Now that the market has fallen nearly 14% in roughly a week — putting U.S. stocks into a correction for the first time since late 2018 — what happens next is less clear, even by Wall Street's famously foggy standards.
Just a few weeks ago, most Wall Street strategists, the highly paid professionals who tell investing clients where stocks are headed, seemed convinced that the market would be immune from the coronavirus, even as the number of infected climbed.
JPMorgan Chase head of global equity strategy Mislav Matejka called the fundamental economic backdrop "supportive" and predicted stocks would continue to climb. Morgan Stanley strategist Mike Wilson said any drop in the market would be "contained to 5%" and that the "virus development should not derail the economy."
That contagion-free confidence has now collapsed. The Dow Jones industrial average dropped nearly 1,200 points on Thursday and is now down more than 3,000 points from a week ago. The S&P 500-stock index is down 14% since it peaked eight days ago, and has lost nearly $3.4 trillion in market value along the way.
To be sure, there have been plenty of wobbles in the decade-long bull market, some of them even wobblier than the current unsteadiness. Stocks eventually regained their footing and rose higher.
But what makes the coronavirus drop unique is the speed at which it has occurred. Southwest Airlines, to name just one travel-sensitive company, was flying high just two weeks ago. The discount airline's stock hit a 52-week high on February 14 of nearly $59. On Thursday, the stock hit its 52-week low of just under $46.
Fastest correction in 50 years
The current market drop is the fastest stock market correction in the past 50 years, according to Birinyi Associates. (That milestone ignores some major market one-day collapses, like 1987's Black Monday, which occurred only after the market had been slowly sliding for nearly two months.)
In fact, the market drop has been so fast it is quickly eclipsing some of the more pessimistic pronouncements emerging from Wall Street in recent days.
On Thursday morning, for example, Goldman Sachs told clients it thought the S&P 500 could drop another 9% to 2,950 in the next three months, a negative prediction that caught the attention of Wall Street. The firm also said corporate profit growth is likely to vanish this year because of the coronavirus, and that U.S. economic growth would slow. By the close of the trading day, the S&P had already slumped to 2,987, just 1% shy of Goldman's three-month prediction.
Goldman's dismal outlook was far from the most dire. Lori Calvasiana, head of U.S. equity strategy at RBC, told clients in a note on Thursday that the coronavirus could trigger a recession in the U.S. If so, she thinks the market could fall a total of as much as 32%. That would cost investors as much as $7 trillion dollars compared with the market's record high last week, about double the current loss.
The sudden bout of pessimism on Wall Street is more unusual than you would think. Fear in financial markets markets, like anywhere else, is contagious. Still, the usual advice that investors should use such downturns to "buy on the dip" has long been conventional wisdom among investment pros, especially in recent years. Veteran Wall Street strategists are usually the most stoic about stock market drops. Star strategists like Goldman's Abby Joseph Cohen regularly rescued the market with a bullish call even as stocks were plunging.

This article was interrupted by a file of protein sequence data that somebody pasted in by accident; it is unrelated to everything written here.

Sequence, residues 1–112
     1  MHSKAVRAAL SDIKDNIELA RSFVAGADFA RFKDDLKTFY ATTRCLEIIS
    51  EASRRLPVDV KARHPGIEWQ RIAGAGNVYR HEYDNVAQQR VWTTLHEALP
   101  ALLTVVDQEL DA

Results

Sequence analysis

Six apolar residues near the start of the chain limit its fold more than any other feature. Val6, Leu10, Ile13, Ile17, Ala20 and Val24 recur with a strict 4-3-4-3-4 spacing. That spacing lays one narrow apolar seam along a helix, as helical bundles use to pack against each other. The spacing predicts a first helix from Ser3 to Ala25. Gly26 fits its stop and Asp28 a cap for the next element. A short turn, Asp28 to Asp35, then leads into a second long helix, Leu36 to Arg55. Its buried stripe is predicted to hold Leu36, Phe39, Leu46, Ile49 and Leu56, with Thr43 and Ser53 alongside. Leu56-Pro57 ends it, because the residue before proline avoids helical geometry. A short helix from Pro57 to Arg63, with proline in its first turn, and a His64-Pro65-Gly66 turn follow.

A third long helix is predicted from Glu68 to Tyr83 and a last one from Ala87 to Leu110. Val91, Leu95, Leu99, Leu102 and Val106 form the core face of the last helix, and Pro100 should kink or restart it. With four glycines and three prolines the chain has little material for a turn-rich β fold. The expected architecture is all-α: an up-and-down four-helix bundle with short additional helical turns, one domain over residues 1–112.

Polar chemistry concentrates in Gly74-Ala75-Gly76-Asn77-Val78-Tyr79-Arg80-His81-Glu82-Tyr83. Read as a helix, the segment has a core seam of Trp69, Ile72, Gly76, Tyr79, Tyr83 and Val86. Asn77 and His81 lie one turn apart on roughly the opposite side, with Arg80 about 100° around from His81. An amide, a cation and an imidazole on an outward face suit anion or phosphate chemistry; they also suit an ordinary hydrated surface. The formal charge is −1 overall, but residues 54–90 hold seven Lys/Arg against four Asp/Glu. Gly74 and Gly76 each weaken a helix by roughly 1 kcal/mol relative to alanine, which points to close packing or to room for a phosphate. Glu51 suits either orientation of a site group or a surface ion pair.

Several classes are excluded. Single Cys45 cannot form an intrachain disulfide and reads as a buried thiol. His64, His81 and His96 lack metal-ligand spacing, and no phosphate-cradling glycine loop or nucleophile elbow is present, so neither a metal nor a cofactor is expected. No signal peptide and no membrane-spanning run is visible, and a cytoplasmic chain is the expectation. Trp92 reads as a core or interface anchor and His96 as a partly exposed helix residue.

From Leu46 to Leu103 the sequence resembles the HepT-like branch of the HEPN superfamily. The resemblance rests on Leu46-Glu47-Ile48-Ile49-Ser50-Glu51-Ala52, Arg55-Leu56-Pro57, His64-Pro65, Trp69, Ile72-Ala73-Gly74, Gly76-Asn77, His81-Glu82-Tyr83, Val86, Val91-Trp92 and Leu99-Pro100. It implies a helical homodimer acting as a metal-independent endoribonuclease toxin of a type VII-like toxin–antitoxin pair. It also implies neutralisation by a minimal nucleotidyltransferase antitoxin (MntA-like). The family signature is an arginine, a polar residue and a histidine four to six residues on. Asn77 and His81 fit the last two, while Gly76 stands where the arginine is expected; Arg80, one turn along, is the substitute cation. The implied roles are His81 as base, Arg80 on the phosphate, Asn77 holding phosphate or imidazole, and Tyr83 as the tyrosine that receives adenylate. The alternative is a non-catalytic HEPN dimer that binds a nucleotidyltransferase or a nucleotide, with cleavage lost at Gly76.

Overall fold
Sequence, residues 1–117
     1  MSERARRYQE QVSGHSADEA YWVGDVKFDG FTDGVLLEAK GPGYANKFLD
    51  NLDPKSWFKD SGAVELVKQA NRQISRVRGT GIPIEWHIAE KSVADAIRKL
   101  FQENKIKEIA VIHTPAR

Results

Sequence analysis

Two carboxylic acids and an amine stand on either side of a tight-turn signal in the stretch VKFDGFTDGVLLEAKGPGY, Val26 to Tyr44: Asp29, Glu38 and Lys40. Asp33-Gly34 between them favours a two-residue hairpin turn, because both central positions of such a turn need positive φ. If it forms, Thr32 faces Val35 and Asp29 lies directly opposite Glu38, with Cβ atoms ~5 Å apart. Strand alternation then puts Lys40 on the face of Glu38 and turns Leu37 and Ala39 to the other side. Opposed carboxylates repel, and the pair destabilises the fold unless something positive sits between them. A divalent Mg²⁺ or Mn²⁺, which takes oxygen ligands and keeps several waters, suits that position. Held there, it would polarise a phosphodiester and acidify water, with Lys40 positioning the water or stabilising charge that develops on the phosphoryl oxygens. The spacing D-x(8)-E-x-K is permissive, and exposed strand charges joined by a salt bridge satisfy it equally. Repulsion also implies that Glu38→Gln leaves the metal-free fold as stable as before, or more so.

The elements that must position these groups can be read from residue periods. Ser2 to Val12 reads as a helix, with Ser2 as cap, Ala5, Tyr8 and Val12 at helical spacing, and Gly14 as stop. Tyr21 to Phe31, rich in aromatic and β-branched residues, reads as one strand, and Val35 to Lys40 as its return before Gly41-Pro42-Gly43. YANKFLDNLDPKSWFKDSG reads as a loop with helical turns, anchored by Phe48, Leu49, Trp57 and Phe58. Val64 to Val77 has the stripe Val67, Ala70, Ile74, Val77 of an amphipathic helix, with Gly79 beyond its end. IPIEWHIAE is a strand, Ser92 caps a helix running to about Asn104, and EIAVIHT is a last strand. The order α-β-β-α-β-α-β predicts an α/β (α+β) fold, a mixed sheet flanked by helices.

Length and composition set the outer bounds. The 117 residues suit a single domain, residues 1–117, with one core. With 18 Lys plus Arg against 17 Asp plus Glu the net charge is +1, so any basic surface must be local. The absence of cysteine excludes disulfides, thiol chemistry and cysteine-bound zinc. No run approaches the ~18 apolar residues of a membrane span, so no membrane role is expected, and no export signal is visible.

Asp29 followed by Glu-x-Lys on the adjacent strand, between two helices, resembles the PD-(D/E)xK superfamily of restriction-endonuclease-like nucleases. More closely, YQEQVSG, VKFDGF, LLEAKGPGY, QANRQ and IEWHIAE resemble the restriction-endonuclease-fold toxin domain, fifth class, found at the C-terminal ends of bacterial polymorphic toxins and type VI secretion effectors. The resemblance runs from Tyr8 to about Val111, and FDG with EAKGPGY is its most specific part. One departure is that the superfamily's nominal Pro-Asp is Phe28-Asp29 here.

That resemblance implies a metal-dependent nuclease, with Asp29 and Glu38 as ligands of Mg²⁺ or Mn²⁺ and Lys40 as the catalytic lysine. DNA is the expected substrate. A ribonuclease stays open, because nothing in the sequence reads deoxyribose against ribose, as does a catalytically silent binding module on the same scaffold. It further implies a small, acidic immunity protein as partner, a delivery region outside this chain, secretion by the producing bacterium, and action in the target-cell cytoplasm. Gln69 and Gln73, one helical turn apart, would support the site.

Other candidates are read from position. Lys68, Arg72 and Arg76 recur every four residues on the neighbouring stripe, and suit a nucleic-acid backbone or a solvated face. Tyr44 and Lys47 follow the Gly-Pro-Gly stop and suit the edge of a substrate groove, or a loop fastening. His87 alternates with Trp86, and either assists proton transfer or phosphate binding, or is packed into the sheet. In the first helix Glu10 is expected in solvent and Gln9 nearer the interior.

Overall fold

Today, few seem bold — or foolish — enough to say that the coronavirus-induced dip is one investors should put their money on.
"There are a lot fewer people saying 'buy' this time around," said Birinyi Associates' Jeff Rubin. "The uncertainty reminds me of 2008. You can't just plug the coronavirus into your earnings model."
The reason for such deep uncertainty could be that unlike, say, inflation spikes or economic slowdowns or rising interest rates, the coronavirus itself is one very big unknown.
Another reason Wall Street pros seem unwilling to say stocks will bounce back quickly is because the coronavirus is exposing what has been a long-time weakness for the market. Stock prices were boosted much of the past decade by an expectation that corporate profits would continue to grow at double-digit rates. That prediction has persisted even though U.S. GDP growth has been stuck around 2%.
So where does the rest of the double-digit earnings growth come from? Overseas.
"Globalization has driven the bull market," said veteran Wall Street strategist Ed Yardeni. "We have been in an environment where the U.S. economy has been more and more dependent on the global economy in a good way."
President Donald Trump's protectionist trade policies had already put a question mark on how much longer U.S. companies can depend on growth from sales in China and elsewhere. The virus puts future earnings from overseas markets for U.S. companies seem at even greater risk.
Yardeni also said it shows that companies may have to spend more corporate money than they thought to shock-proof their global supply chains. "Shifting production from China to Vietnam may not be a good enough contingency plan," he said.
None of this has stopped Wall Street from trying to offer trading advice, even if the best advice is often to do nothing. Wells Fargo analysts on Thursday recommended that clients sell the shares of companies that are "exposed to global growth." That includes industrial, energy and other companies that deal in commodities.
Where does Wells Fargo think investors should put their money? Communications services, namely media and internet stocks. It's an investment thesis based on the idea that, because of the virus, more of us will either be stuck inside or need to communicate remotely with co-workers, friends and family.
That prescription suggests that coronavirus fears — and their impact on the economy — won't be over anytime soon.